cool onshore breeze. We riders were dumbfounded, but
glad to be off Wilshire, the old tyrant; no one spoke
a word -- we picked new stops on the improvised route,
and walked ourselves home by different ways.)
VIII. Home Stretch
The bus driver tonight sticks to the route, and I'm not
dreaming; I'm in the seedy part of Brentwood. There's
the mini mall on Barrington, and the liquor store where
I used to park my bike on the sidewalk and buy one Bass
ale from the middle eastern fellows and their female
companions. Still needing to pee, I feel the potholes
of Santa Monica stabbing my bladder with abandon. We
pass the Wherehouse and Jerry's Liquors, pass
McGinty's, Berk's and Savon, Crown Books, Bagel Nosh
and Vons, Callahans and I must mention the Liquor store
of Norris E. Roberts. There's Lincoln with its
homeless park, and copy shops on left and right, a
seven-eleven selling lotto all night long, and Polly's
old folks coffee shop, at last.
IX. Paso Lento
On the Wilshire Bus you ride
to a destination that is incidentally yours;
you pass by, and may touch
the sequins drooping from the breasts
of an aging whore;
you clutch
at the cold, stainless steel pole, counting street
names like a prayer that you're tired of;
you arrive at last, purified:
the driver's washed his hands,
and you have firmly grasped
your briefcase full of thorns.
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Postby admin » Tue Oct 01, 2013 9:48 pm

The World Won't Work Anymore, by Charles Carreon

I can't have a cup of coffee without gunning down
a peasant.
I can't drive my car for all the rubber we stole
and the oil, too.
I can't use the telephone with all that stolen
copper wire stretching across our country
I can't watch TV for all the silent words the
network newsman won't whisper (I'd like to
shake him by the collar, damn him, why won't he
just call it murder!)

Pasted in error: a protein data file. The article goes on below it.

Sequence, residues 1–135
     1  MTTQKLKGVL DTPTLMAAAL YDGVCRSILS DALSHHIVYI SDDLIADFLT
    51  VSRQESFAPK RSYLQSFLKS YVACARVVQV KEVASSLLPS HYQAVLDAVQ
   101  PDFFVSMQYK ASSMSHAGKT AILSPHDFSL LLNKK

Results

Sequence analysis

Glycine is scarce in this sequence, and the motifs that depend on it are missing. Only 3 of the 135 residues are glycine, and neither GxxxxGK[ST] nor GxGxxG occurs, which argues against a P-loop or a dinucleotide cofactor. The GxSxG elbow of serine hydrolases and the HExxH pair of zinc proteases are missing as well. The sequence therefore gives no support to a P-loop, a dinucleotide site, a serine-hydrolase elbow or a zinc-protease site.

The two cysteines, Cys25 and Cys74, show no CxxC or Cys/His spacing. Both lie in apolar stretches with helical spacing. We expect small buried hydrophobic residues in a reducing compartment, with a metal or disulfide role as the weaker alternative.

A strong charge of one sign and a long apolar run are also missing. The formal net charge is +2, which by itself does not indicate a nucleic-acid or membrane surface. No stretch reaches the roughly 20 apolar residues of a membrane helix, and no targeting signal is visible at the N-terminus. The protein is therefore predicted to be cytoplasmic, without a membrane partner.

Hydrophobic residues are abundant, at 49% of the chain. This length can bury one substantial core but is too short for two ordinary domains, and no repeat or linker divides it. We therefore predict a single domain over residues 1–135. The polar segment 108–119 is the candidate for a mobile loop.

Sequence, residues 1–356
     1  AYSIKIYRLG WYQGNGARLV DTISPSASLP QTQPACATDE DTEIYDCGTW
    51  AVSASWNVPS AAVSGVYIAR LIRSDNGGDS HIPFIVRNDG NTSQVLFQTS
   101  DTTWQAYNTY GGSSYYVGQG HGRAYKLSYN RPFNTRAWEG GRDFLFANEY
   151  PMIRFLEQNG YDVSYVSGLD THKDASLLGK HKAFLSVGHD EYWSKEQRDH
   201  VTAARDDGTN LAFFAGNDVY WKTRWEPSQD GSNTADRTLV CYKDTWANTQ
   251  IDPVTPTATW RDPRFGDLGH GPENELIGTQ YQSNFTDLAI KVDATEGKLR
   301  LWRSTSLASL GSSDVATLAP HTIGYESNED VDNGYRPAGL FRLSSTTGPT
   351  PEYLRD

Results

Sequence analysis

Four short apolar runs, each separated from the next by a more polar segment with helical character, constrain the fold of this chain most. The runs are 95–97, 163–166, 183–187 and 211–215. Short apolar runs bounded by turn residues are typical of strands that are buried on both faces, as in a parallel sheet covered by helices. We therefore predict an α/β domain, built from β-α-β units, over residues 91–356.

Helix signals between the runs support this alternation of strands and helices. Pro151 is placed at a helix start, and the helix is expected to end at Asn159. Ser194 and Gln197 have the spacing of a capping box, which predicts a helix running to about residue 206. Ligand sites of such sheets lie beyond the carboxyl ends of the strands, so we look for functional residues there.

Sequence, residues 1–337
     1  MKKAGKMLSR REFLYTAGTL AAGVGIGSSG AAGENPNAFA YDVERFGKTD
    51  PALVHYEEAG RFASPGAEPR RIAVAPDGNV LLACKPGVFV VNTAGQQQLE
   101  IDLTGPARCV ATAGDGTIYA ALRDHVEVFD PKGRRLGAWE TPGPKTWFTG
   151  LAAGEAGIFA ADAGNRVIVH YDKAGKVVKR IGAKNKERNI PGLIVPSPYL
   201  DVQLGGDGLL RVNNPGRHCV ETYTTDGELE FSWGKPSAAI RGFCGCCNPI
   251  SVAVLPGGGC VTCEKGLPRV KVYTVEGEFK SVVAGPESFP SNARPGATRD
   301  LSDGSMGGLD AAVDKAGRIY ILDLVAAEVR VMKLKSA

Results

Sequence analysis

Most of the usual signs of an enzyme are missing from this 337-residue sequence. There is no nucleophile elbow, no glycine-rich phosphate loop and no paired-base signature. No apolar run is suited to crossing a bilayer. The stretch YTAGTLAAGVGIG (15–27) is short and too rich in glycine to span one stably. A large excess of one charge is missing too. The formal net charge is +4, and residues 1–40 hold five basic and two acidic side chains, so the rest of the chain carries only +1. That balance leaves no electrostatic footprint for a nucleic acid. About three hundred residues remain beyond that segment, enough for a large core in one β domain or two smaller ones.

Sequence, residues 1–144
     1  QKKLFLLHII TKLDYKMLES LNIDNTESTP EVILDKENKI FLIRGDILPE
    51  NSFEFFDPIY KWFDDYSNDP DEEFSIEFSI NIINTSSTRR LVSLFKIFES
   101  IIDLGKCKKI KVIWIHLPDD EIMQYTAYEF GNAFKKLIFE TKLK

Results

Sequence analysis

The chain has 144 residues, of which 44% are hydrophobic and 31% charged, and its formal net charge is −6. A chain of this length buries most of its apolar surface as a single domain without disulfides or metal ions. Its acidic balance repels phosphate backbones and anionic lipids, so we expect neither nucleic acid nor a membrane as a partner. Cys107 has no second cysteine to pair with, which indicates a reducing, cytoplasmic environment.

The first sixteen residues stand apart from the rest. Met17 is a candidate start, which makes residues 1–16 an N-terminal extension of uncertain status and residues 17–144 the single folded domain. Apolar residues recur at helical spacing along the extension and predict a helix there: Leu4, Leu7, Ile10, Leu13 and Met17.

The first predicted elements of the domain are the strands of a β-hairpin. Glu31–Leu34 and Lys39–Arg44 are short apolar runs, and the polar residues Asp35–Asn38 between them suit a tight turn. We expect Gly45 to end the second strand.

I can't listen to the radio for all the inane
gibberish they want to pour in my ear
While they are telling me to forget I hear it more
I want to go, go away from here
The earth stinks so much like buffalo blood and
bad whiskey and the grass grows like iron,
like twisted words
I can't look at the bananas,
they leer like speckled corpses
Even California raisins remind me of Indians
who starved to death rather than hoe grapes
under the benevolent eyes of the padres
The world doesn't work any more; I'm afraid
it's my enemy.
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Postby admin » Tue Oct 01, 2013 9:52 pm

The Yurt, by Charles Carreon


the yurt is round
(when I built it three years ago
my fellows in the grocery store
took this as final proof of what
they'd suspected all along, i.e.
terminal weirdness)
at any rate it is round, a round
latticework of two-by two's number
one select fir, free of knots
-- rough pine siding and plain old
composition roofing
in the center of the cone shaped ceiling
there's a domed skylight; the whole
house is like an eye and the sun
is always peering in
In the morning in winter it rises, shining
just above the kitchen counter, an ellipse
of light on the blue fabric of the wall
At around ten it shines on the breakfast